Archive for September, 2010

Dirt Cheap Land for Sale

When people see dirt-cheap land for sale, the first question they usually ask is, “But can the land be used for anything?” Following are just two historical examples to consider.

The Imperial Valley Venture

In the years between 1901 and 1907, the California Development Corporation attempted to build a water canal from the Colorado River westward into California’s Imperial Valley. The goal was to provide a source of irrigation and turn this dry, desolate and uninhabitable area into a subdivision of lush farms. Initially started by private promoters, the project eventually was taken over by the Southern Pacific Railroad with federal support promised by President Teddy Roosevelt. The United States Government owned most of the region and was offering dirt cheap land for sale at $1.25 per acre. The project failed after thousands of acres were sold and millions of dollars lost, and in 1909, the California Development Corporation was liquidated.

So what has happened to these dirt-cheap land prices during the last 100 years in the Imperial Valley? Much of the land is still without water, still desolate and uninhabitable yet it is very difficult today to find land in the Imperial Valley for less than $1,000 per acre.

Interstate Highway 80 in Wyoming

For a more recent example of dirt-cheap land for sale, consider the area along Interstate Highway 80 in Wyoming between the towns of Rock Springs and Rawlins. Local residents refer to the region as “barren and worthless.” Most of the dirt-cheap land for sale in this part of the state is in the checkerboard area (ownership of alternate sections divided between the federal government and private owners), which eliminates development potential. Known as the Red Desert, this area has no power, water, utilities or maintained roads. In 1990, land could have been purchased for as little as $15 per acre.

Today, 20 years later, ownership is still divided between the federal government and private parties, the area still has no power, water, utilities or maintained roads, and the zoning is unchanged. Yet this same “barren and worthless” land now sells for as much as $500 per acre.

If a person is seeking land for a specific use — such as agriculture, hunting, immediate development, or a site for a retirement cabin with utilities, trees and a creek running through the middle – then dirt-cheap land for sale probably won’t fit these needs. However, dirt-cheap land for sale is an overlooked real estate niche, as a large number of people have an almost innate desire to own such properties. Dirt-cheap land for sale is inexpensive to acquire and very exciting to own, because who can predict, with absolute certainty, future usage or values?

A hundred years ago, there were many popular, prominent stocks that no longer exist. These companies went broke, went out of business or were made obsolete by technology. However every single acre of dirt-cheap land for sale 100 years ago is still here today and is valued at a higher price. The predictable thing about dirt-cheap land for sale in the United States is that it will eventually increase in value as the result of nothing but the passage of time.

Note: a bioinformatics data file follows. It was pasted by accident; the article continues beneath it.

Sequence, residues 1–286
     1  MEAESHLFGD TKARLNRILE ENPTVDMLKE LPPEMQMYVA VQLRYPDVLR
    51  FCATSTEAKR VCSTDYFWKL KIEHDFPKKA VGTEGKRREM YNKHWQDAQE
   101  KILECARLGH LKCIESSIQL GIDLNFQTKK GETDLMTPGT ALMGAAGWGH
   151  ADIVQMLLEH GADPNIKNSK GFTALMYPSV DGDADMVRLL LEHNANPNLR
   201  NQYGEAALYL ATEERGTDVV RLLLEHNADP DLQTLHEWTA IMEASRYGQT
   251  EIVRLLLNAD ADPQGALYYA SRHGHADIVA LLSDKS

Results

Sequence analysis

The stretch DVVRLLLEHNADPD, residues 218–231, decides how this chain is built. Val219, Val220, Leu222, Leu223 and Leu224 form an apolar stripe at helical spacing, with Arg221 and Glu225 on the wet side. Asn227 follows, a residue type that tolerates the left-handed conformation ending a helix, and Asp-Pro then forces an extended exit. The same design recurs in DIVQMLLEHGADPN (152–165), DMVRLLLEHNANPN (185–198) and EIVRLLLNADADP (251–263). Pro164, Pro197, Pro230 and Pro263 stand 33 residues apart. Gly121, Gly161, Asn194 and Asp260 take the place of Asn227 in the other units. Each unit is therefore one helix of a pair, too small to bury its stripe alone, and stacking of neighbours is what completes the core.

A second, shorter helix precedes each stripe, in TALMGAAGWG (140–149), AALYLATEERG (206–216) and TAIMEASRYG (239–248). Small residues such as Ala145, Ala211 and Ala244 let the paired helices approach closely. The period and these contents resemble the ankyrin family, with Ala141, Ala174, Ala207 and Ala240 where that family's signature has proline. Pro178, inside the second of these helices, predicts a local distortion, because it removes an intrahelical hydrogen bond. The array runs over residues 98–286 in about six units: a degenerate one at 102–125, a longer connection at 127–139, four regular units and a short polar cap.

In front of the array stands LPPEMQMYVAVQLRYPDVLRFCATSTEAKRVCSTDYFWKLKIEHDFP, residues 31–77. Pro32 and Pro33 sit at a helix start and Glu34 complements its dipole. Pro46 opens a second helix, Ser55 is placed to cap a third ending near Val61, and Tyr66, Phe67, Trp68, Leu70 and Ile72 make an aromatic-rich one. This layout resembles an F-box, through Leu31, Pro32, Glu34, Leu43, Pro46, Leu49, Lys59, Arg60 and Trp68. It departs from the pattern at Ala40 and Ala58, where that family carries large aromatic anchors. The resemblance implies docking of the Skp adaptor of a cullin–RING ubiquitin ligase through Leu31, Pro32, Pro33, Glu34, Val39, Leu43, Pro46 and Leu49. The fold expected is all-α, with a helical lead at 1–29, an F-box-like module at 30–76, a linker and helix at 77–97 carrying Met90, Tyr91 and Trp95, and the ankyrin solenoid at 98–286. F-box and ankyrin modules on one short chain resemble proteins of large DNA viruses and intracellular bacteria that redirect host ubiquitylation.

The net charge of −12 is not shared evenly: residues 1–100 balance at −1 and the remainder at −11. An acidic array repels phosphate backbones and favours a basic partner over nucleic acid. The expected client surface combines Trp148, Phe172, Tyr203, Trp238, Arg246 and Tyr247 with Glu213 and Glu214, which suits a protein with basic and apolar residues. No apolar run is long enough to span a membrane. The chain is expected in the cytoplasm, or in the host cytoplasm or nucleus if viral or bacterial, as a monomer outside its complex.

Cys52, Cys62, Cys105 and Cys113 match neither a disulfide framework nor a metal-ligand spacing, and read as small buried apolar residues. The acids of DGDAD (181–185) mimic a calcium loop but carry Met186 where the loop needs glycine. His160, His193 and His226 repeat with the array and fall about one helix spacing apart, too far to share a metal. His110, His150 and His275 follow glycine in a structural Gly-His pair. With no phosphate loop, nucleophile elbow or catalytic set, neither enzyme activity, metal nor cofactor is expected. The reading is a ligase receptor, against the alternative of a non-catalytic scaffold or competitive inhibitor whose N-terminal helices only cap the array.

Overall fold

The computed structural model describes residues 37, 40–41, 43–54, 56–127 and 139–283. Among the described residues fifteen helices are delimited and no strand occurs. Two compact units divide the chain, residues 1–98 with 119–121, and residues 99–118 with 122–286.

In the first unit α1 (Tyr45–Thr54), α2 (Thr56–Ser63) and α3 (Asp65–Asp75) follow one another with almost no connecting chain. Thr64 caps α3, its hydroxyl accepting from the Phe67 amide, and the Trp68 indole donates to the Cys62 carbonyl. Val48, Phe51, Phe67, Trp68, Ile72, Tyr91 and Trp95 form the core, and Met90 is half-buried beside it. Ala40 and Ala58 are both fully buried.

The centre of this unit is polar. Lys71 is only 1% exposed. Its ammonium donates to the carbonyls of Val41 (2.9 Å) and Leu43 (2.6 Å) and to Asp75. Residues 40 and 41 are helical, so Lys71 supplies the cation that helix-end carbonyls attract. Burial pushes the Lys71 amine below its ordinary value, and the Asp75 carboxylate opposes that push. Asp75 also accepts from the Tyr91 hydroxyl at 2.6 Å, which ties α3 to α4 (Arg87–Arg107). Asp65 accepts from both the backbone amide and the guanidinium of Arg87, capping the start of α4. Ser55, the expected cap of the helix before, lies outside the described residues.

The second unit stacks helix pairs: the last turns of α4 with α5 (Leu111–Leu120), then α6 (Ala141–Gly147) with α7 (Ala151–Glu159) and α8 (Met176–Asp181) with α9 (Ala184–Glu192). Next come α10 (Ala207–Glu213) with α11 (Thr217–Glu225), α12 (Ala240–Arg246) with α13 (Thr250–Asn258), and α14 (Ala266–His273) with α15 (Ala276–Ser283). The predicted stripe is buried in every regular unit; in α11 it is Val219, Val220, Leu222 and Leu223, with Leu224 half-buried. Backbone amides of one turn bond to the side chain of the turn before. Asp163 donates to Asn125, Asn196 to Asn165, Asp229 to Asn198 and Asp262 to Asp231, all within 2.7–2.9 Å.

To view dirt cheap land for sale CLICK HERE.

Cheapest Land in Wyoming

Is there any other place besides Wyoming in the entire United States of America where one can find more land for less money?

The reason Wyoming presents such interesting investment opportunities is that there is a large amount of “checkerboard” land ownership in the state. The “checkerboard” ownership in Wyoming is among the largest of all 50 states.

A little history: The Pacific Railroad Act of 1862 was approved by the United States Congress and signed into law by President Abraham Lincoln for the purpose of aiding the construction of railroads from the Missouri River to the Pacific Ocean. This bill gave 10 miles on either side of the tracks to the railroad companies to help offset the cost of construction. The Pacific Railroad Act of 1864 expanded that distance to 20 miles on either side of the tracks. The United States Government retained half of every township given to the railroads by keeping alternate sections. This resulted in the ownership of these townships resembling a checkerboard, with every even-numbered section owned by the government and every odd-numbered section owned by the railroads. Over the years, the railroads resold a large portion of their holdings to private individuals.

For private owners of land in the checkerboard, there is a disadvantage offset by a huge benefit. The disadvantage is that it is almost impossible to secure “insurable access” through federal property; therefore, power and utilities are seldom available, and banks won’t loan for construction where there isn’t insurable access. “Physical access,” however, is a different matter. The government has never blocked access to private property since the Pacific Railroad Act of 1862 was passed; and furthermore, title companies will insure ownership of private land in the checkerboard.

The huge benefit for private landowners in the checkerboard is that “the public can’t cross private land to get to public land, but private owners can cross public land to get to private land.” This amazing policy means that private owners can access millions of acres of public land that the general public can’t get to, enjoy or even visit (because to do so would constitute “trespassing” on private property)! This unique ownership feature, coupled with a low purchase price, makes checkerboard land an asset that can offer substantial future potential.

The cheapest land in Wyoming can be found in the southern part of the state along the I-80 corridor. If you know where to look, land in this area can still be purchased for less than $250 per acre, but these prices are rapidly disappearing.

CLICK HERE to view the cheapest land in Wyoming.